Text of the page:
Burn My Heart at the New Diorama

When a new space really comes into its own

Burn My Heart

It’s a tough call for new theatres to make their mark on the London scene – especially when, like the New Diorama, they’re stuck in otherwise untheatrical locations. Fledgling fringe theatres have it hard: no one’s heard of them, and they often don’t have the material resources to improve the situation. For this reason, Trestle’s performance of Burn My Heart, an adaptation of Beverley Naidoo’s novel about the 1950s Mau Mau uprising, which will tour the country until mid-November, is something of a landmark production for the New Diorama.

Productions I’ve previously seen at this theatre have accepted the standard 80-seat black box for what it is, and taken its layout as prescriptive. Burn My Heart, however, reminds us of the transforming power of a good set design. Anoushka Athique’s mesh of sewn sheets covers the entire stage area and transports us to a symbolic 1950s Kenya. Almost endlessly inventive, this is one of the most cunning sets I’ve ever seen.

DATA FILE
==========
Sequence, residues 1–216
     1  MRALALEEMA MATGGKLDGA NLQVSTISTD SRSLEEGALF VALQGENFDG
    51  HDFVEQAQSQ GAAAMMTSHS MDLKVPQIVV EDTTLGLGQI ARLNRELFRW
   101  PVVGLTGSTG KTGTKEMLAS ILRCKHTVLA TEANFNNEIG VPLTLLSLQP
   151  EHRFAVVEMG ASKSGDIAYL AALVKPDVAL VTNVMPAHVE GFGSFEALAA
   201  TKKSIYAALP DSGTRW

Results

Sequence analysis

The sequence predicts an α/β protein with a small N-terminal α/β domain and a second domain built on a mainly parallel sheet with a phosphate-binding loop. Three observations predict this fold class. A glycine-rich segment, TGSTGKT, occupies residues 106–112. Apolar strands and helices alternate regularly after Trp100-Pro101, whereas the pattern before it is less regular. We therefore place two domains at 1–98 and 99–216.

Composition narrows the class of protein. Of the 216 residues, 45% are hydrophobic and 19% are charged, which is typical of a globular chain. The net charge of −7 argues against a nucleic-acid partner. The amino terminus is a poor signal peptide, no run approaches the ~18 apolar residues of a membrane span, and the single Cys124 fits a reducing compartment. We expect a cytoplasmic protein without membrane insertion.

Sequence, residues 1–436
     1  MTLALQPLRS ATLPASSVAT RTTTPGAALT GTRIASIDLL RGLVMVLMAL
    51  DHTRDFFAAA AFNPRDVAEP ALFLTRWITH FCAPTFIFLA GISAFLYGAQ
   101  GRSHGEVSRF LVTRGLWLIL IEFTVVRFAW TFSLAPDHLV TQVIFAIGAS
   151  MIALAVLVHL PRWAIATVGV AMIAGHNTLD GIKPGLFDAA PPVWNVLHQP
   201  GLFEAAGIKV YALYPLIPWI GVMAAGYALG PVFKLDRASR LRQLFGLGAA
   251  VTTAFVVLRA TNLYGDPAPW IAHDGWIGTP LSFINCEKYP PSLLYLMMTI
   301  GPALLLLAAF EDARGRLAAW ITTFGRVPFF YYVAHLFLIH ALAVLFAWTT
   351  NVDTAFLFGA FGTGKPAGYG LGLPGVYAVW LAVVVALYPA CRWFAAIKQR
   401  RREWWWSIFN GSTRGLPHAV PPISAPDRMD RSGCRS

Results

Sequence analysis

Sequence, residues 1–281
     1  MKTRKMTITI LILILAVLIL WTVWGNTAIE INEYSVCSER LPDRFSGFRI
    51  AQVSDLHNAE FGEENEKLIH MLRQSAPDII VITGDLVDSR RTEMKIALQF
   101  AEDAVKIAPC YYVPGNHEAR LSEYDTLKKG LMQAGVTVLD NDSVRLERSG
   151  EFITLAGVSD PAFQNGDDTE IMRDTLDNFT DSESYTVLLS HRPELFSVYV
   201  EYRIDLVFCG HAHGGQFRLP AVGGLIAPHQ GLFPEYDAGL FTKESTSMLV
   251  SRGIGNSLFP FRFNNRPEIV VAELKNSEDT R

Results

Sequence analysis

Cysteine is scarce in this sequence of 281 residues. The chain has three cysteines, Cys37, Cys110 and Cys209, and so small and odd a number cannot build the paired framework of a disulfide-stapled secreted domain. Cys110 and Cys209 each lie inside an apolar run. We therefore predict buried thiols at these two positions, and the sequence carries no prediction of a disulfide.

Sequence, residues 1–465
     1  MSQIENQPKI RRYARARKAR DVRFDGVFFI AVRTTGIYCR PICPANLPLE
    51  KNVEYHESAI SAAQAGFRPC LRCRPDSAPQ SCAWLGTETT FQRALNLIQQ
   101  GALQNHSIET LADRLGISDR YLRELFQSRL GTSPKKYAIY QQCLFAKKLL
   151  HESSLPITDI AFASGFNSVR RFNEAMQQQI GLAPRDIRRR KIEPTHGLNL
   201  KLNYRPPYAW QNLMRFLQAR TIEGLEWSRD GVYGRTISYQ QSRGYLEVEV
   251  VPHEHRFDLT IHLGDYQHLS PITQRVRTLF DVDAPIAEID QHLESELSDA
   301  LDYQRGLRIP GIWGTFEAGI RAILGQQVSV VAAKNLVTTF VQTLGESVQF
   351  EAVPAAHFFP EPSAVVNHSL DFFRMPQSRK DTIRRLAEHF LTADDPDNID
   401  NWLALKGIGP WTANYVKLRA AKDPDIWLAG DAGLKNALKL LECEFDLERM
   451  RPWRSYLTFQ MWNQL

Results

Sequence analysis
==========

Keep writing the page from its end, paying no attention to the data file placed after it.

Benches become Jeeps, cloth becomes fire and the ground is elevated to become sand dunes. It’s unusual for a designer to be so in tune with the theatrical intentions of a company, but the result of Athique’s collaborative work with Trestle is evident. The space is easily adaptable and can be manipulated to facilitate the more physical sequences of the production. A montage of silhouettes, created behind a cloth screen, is particularly chilling: as the actors loose their distinguishing physical features, we see the raw brutality of an interrogation of those suspected to be Mau Mau sympathisers. John Purkis’ lighting design also enhances the emotional frictions of the story: strong reds, whites and blues conflict with a palette of more earthy African colours, and cause the action we are watching to take on an unnerving hue.

With only five actors to play a considerable number of roles, Trestle exhibit an impressive versatility; women play men and adults play children, switching between roles without the slightest glitch. Able to imprint their identity on a space which does not immediately lend its self to physical radicality, Burn My Heart is the work of a true company with a strong and coherent artistic vision.


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